Reproductive Rights Face New Supreme Court Test

CARLY KABOT: The confirmation of Justice Gorsuch and Justice Kavanaugh to the Supreme Court ensured that President Donald Trump’s legacy would outlive his time in office. On Friday, October 4, 2019, the court agreed to hear June Medical Services v. Gee, the first major abortion case on the docket since Trump’s appointees joined the bench. 

The consequence of the Court’s ruling could extend far beyond the women of Louisiana. June Medical Services v. Gee threatens all those who have staunchly defended a woman’s right to choose. The Court’s new 5-4 conservative majority has the power to undo 45 years of precedent supporting a constitutional right to safe and legal abortions. A verdict in favor of Gee would not overturn the landmark case Roe v. Wade, but the decision could either overrule or severely limit other important cases for abortion rights that would render Roe useless. 

The case involves a challenge to a Louisiana law that would severely limit access to abortion services by requiring abortion providers to acquire admitting privileges at local hospitals. If the Supreme Court strikes down the law, it would affirm the precedent set in 2016 that found a similar Texas law imposed an "undue burden" on the right to receive abortions. If the Supreme Court allows the law to stand, many of Lousiana’s few remaining abortion clinics could close. 

The Case

The Louisiana Unsafe Abortion Protection Act (Act 620) requires “that every physician who performs or induces an abortion shall ‘have active admitting privileges at a hospital that is located not further than thirty miles from the location at which the abortion is performed or induced.”  In reality, promoting Act 620 as a push towards higher medical standards for women is a petty facade for strictly restricting access to abortion. The law does nothing for women’s health except endanger it.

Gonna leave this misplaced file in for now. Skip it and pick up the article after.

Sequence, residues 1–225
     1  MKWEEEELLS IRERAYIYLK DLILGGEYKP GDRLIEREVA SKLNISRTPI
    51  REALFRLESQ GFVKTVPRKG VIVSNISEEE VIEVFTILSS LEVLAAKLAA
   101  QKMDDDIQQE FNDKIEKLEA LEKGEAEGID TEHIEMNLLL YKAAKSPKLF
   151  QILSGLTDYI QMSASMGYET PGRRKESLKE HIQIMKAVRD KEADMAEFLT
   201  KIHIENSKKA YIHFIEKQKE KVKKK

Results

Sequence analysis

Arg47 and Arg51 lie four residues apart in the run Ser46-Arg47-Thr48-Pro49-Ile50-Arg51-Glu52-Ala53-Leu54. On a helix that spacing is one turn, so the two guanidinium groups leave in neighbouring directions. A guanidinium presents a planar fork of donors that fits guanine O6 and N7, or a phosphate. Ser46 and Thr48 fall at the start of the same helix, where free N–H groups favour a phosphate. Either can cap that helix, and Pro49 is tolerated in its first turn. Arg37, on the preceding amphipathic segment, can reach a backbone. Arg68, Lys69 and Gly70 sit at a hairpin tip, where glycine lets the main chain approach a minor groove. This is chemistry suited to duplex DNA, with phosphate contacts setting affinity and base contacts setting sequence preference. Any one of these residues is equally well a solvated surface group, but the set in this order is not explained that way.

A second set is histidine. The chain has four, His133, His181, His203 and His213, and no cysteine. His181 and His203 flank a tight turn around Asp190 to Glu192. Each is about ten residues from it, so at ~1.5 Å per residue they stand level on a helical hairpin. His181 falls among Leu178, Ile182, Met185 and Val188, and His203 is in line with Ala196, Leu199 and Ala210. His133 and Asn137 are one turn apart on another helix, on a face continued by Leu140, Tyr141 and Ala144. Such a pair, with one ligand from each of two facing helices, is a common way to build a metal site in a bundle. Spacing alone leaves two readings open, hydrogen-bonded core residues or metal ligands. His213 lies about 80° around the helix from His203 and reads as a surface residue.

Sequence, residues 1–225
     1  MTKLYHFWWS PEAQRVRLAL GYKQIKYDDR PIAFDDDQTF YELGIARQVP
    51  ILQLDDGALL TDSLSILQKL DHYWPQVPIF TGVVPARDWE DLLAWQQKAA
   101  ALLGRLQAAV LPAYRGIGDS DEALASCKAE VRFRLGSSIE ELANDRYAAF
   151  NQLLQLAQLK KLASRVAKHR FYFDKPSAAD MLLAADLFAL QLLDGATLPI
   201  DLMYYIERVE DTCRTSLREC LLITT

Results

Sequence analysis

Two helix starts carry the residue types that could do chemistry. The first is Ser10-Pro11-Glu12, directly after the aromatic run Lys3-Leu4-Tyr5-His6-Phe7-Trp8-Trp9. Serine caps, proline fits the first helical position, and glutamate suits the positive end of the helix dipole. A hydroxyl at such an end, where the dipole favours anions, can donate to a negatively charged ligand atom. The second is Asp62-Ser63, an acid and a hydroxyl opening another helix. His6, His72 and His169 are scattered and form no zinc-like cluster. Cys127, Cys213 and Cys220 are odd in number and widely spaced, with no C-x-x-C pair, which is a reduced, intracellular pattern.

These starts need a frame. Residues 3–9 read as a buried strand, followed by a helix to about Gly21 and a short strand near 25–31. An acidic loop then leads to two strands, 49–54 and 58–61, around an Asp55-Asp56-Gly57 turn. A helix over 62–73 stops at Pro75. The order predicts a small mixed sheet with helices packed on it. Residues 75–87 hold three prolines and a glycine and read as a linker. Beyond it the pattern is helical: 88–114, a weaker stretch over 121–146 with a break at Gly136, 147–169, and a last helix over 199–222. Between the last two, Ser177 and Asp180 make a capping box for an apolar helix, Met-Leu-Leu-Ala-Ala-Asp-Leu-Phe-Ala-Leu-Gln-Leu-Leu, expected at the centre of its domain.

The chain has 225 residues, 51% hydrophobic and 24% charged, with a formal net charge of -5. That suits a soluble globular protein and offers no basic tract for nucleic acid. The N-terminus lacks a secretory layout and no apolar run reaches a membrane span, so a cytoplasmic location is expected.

Lower courts have obstinately disagreed over the constitutionality of Louisiana Act 620, which Louisiana Attorney General Jeff Landry has defended as not only pro-life, but pro-woman.  Though the law was struck down by a district court judge in 2017, that decision was reversed by the U.S. Court of Appeals for the Fifth Circuit. The U.S. Court of Appeals for the Fifth claimed the facts were substantially distinct from those of the Texas case

Lousiana has asked the Supreme Court to narrow its previous verdict to make restrictions on abortion legal as long as the legislator believes the law serves a valid purpose. The issue is glaring: A decision in favor of Lousiana would make it the prerogative of the overwhelmingly male-dominated legislature to infringe on decisions women have a right to make with their doctors and their families.

The Future of Legal Abortion in America 

Reproductive rights are under threat by men who claim they know better than a woman what is best for her body, her health, and her family. Act 620 is an exertion of control and objectification, jeopardizing the rights of some for the beliefs of others.

Care not only because you are a woman, or because you have a mother, a sister, or a girlfriend. Care because you are human, because you believe in reproductive freedom, because it is your civic duty as an American citizen. We live in a nation conceived by those who aimed to give us the very thing today’s legislators are trying to take away: the freedom to choose. Hopefully June Medical Services v. Gee will not be the beginning of the end to legal abortion in America and the freedoms our leaders are charged with upholding. 

Carly Kabot is a freshman in the School of Foreign Service from Westchester, New York. She is an aspiring political journalist. 

Jeff Cirillo